- Liszt, K. I.; Ley, J. P.; Lieder, B.; Behrens, M.; Stöger, V.; Reiner, A.; Hochkogler, C. M.; Köck, E.; Marchiori, A.; Hans, J.; Widder, S.; Krammer, G.; Sanger, G. J.; Somoza, M. M.; Meyerhof, W.; Somoza, V., Caffeine induces gastric acid secretion via bitter taste signaling in gastric parietal cells. Proceedings of the National Academy of Sciences 2017, 114 (30), E6260.
- Rubach, M.; Lang, R.; Skupin, C.; Hofmann, T.; Somoza, V., Activity-Guided Fractionation to Characterize a Coffee Beverage that Effectively Down-Regulates Mechanisms of Gastric Acid Secretion as Compared to Regular Coffee. Journal of Agricultural and Food Chemistry 2010, 58 (7), 4153-4161.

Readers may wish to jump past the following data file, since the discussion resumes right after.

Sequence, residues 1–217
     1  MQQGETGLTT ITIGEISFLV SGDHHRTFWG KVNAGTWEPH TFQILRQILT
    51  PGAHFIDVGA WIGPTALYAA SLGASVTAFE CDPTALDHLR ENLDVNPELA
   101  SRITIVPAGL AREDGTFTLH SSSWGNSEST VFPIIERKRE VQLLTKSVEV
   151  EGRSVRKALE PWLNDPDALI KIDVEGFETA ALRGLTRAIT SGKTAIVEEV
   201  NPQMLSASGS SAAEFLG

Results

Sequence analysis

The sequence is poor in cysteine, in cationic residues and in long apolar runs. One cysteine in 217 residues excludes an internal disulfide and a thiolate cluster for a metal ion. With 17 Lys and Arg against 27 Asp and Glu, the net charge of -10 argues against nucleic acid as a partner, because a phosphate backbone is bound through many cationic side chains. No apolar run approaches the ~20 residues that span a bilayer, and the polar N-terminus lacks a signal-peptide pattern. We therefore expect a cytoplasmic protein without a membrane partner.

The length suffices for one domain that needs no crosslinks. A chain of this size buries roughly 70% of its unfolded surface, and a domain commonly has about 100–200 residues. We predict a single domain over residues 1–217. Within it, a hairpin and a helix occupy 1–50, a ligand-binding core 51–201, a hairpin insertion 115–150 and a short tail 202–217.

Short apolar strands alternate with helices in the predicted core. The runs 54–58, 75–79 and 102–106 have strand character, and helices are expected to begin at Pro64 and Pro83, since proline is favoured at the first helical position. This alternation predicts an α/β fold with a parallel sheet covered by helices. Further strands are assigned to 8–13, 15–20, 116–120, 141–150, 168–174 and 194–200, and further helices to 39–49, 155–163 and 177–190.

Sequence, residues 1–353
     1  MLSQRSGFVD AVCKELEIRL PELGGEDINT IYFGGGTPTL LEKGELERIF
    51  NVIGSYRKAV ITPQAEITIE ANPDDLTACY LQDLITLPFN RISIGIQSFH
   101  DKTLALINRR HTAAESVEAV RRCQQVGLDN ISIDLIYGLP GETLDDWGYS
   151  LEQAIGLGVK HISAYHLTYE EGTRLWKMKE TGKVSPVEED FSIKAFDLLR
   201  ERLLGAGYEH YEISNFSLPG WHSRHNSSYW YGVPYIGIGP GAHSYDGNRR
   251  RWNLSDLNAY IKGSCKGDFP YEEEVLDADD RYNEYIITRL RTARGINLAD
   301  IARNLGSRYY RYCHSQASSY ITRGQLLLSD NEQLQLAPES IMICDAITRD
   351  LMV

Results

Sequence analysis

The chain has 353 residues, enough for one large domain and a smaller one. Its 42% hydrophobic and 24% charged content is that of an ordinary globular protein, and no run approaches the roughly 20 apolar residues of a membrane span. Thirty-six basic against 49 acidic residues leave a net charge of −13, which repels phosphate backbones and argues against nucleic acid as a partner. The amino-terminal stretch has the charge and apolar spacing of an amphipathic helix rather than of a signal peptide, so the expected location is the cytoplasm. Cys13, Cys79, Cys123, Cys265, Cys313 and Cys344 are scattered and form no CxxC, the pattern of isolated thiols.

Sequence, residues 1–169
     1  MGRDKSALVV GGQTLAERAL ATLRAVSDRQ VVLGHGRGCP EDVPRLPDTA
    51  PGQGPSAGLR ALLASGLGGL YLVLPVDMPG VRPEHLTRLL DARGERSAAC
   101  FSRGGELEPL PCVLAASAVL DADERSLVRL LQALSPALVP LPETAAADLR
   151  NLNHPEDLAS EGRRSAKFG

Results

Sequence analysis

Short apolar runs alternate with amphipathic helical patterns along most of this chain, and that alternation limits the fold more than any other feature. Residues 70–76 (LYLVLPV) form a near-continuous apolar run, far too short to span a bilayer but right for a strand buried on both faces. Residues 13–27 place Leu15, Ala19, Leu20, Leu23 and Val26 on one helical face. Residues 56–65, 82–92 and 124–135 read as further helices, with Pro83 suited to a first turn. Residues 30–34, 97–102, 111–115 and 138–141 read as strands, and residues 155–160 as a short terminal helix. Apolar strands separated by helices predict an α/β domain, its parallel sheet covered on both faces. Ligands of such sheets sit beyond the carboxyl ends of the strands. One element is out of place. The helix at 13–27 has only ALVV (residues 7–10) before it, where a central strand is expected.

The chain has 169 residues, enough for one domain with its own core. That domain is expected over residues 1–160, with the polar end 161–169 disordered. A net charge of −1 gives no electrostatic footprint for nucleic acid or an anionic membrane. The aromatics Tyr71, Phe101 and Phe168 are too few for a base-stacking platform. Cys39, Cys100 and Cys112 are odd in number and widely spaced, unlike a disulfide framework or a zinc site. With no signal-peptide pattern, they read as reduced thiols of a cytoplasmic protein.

- Rubach, M.; Lang, R.; Seebach, E.; Somoza, M. M.; Hofmann, T.; Somoza, V., Multi-parametric approach to identify coffee components that regulate mechanisms of gastric acid secretion. Molecular Nutrition & Food Research 2012, 56 (2), 325-335.
- Rubach, M.; Lang, R.; Bytof, G.; Stiebitz, H.; Lantz, I.; Hofmann, T.; Somoza, V., A dark brown roast coffee blend is less effective at stimulating gastric acid secretion in healthy volunteers compared to a medium roast market blend. Molecular Nutrition & Food Research 2014, 58 (6), 1370-1373.
- Boekema, P. J.; Samsom, M.; van Berge Henegouwen, G. P.; Smout, A. J., Coffee and gastrointestinal function: facts and fiction. A review. Scandinavian journal of gastroenterology. Supplement 1999, 230, 35-9.
- Feldman, M.; Barnett, C., Relationships between the acidity and osmolality of popular beverages and reported postprandial heartburn. Gastroenterology 1995, 108 (1), 125-131.